The only thing that I noticed and that was very obvious in the pages of the caribbean cruise site was that the content wasn't written in her own special "giggly" voice. It was written well, but more like a magazine article.

There we go again. Back to the Guide. You need to find your voice and make your site as personal as you can. Your visitors are drawn into your site and its content by your personality. It's just like when I drove up Lise's street with my campervan and she dashed out onto the driveway and virtually pulled me in. And the moment I got out of the camper she gave me a big hug. That made me feel at home. That, I think, is what people need to feel when they come to a site.

For all those finding it hard to find their own personal voice, I'd take the time to read "Make Your Words Sell" (It's been made free.)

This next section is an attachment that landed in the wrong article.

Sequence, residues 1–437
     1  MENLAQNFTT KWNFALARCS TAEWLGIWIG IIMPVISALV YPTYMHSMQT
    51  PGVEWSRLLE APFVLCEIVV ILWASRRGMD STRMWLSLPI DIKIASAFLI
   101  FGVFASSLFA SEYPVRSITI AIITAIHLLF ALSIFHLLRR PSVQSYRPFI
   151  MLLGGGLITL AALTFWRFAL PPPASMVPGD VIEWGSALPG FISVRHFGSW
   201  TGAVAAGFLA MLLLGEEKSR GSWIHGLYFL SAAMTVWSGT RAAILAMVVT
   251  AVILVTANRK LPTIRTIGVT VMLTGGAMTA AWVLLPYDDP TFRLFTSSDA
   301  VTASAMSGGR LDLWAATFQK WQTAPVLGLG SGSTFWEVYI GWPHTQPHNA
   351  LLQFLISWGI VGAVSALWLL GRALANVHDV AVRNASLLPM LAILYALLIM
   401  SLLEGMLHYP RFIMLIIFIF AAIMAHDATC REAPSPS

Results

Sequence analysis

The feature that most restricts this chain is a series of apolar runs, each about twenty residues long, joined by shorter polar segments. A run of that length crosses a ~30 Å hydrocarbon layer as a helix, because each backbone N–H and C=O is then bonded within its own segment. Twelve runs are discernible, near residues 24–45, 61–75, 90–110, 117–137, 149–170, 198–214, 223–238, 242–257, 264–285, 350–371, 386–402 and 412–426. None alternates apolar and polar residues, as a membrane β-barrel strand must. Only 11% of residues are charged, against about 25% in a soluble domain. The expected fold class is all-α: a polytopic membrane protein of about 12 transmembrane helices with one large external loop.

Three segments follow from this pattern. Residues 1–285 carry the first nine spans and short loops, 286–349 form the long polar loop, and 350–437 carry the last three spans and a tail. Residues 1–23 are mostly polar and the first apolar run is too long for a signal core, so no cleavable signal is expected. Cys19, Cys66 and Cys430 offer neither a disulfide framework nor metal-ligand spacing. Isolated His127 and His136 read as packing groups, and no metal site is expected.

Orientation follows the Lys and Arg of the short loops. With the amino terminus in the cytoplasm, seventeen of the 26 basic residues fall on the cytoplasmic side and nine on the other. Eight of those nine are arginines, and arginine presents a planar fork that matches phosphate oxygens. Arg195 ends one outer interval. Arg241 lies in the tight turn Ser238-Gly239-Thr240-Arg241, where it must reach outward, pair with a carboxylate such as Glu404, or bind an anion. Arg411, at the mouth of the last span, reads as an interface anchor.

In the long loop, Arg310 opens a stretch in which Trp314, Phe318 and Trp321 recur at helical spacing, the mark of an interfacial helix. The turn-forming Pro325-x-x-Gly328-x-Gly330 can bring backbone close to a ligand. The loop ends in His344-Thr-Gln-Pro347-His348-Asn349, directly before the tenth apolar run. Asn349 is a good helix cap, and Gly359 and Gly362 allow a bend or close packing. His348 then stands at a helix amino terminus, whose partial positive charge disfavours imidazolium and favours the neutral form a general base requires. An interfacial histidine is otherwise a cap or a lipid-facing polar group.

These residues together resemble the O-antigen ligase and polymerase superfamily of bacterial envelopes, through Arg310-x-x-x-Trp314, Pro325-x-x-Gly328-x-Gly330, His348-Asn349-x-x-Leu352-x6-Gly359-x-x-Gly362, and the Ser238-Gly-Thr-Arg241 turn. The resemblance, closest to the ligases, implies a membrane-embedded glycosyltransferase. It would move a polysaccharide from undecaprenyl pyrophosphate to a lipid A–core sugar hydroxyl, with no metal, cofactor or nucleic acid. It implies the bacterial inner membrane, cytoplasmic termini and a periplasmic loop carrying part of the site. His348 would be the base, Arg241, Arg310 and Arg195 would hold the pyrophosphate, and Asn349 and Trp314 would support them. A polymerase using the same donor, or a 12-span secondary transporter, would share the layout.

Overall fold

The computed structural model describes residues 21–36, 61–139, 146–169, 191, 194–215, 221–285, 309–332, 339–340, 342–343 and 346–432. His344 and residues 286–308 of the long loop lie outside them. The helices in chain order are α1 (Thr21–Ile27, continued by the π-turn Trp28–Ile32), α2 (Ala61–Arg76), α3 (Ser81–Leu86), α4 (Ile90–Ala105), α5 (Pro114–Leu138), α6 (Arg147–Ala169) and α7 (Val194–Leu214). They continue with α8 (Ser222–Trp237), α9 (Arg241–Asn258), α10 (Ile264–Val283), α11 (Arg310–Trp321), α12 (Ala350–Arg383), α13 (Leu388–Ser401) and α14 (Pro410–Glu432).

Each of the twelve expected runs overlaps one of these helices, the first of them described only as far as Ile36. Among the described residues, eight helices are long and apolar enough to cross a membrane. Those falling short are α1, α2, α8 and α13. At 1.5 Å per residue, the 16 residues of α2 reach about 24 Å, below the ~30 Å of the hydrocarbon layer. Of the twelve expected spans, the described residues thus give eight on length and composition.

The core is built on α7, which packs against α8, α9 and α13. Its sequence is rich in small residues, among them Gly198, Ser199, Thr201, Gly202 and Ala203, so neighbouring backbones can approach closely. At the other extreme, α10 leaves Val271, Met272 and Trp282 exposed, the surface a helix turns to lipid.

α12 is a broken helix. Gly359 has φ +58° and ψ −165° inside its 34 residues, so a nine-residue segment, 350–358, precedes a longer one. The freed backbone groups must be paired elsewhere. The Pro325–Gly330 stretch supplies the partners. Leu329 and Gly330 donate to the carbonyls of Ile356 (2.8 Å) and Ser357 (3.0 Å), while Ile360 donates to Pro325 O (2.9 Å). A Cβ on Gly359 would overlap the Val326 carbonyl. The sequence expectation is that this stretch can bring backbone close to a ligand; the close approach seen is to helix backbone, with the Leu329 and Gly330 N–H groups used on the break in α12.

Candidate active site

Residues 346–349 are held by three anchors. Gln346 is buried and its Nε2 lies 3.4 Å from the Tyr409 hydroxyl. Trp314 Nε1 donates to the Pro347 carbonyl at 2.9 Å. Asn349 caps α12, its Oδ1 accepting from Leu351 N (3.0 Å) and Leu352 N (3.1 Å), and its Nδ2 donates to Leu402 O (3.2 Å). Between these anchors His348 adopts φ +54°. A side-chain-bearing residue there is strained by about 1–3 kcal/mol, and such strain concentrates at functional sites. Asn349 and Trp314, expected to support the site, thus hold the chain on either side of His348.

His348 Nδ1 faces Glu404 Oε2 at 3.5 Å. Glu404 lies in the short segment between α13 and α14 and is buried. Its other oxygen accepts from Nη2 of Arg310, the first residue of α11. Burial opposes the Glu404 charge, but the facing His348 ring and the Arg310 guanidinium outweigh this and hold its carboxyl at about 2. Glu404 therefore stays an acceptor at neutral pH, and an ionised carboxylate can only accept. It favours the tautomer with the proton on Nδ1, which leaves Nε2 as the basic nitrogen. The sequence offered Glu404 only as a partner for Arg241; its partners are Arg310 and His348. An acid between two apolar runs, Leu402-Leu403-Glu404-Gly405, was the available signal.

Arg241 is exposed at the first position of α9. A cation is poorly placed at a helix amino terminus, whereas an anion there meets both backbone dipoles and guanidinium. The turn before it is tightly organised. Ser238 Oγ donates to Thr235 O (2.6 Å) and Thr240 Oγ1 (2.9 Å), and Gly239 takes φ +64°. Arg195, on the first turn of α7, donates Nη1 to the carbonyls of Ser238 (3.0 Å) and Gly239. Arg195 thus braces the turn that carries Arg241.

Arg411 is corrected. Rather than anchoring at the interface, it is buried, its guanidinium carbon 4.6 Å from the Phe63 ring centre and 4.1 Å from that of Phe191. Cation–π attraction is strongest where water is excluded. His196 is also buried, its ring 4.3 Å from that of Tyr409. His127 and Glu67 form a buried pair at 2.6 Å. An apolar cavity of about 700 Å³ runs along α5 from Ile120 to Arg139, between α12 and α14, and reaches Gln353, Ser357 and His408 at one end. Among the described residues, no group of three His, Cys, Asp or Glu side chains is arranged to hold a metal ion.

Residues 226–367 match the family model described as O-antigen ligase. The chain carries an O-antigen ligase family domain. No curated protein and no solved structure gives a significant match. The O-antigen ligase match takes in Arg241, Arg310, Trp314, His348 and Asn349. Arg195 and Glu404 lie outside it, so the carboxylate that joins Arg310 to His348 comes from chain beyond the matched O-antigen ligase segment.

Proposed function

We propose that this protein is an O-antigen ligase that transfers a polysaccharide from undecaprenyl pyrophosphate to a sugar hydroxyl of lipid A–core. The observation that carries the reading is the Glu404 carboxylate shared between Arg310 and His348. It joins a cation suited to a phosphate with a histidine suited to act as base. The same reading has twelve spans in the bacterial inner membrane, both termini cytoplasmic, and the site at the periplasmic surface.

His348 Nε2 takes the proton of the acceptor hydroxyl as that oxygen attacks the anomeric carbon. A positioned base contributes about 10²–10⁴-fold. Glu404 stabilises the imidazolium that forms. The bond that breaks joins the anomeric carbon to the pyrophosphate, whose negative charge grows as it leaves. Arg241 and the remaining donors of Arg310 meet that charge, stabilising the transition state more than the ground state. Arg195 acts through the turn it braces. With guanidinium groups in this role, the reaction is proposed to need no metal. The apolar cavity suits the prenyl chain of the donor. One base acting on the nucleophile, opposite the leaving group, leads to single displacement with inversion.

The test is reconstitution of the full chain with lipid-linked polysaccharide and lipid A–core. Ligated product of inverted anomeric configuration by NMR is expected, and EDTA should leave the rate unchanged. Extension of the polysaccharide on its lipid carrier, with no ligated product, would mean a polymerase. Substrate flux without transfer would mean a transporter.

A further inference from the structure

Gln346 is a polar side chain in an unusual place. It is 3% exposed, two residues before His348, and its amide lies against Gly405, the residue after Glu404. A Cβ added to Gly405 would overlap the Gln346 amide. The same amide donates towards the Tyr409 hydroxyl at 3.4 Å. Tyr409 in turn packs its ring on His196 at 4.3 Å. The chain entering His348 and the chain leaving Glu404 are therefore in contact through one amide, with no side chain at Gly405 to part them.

Jeez, if I was going on a cruise, I sure would want some advice from a cruise-master like Lise. (The closest I've gotten to going on a cruise was when I bought a $40 dugout canoe in Zaire and sailed with it for two months down the Congo river...)

My Congo Adventure

Row, row, row your boat
gently down the Congo River...

click to enlarge...

My Congo Adventure

Our dugout canoe...
click to enlarge...


I don't know what Lise'll end up doing, but I sure hope she considers bringing her original site back to life one day. And I'm sure that if she remembers to take her time and refer to the Guide whenever she gets stuck, she will succeed in creating more Web site traffic!


My SBI! Adventure

Read text version of this letter...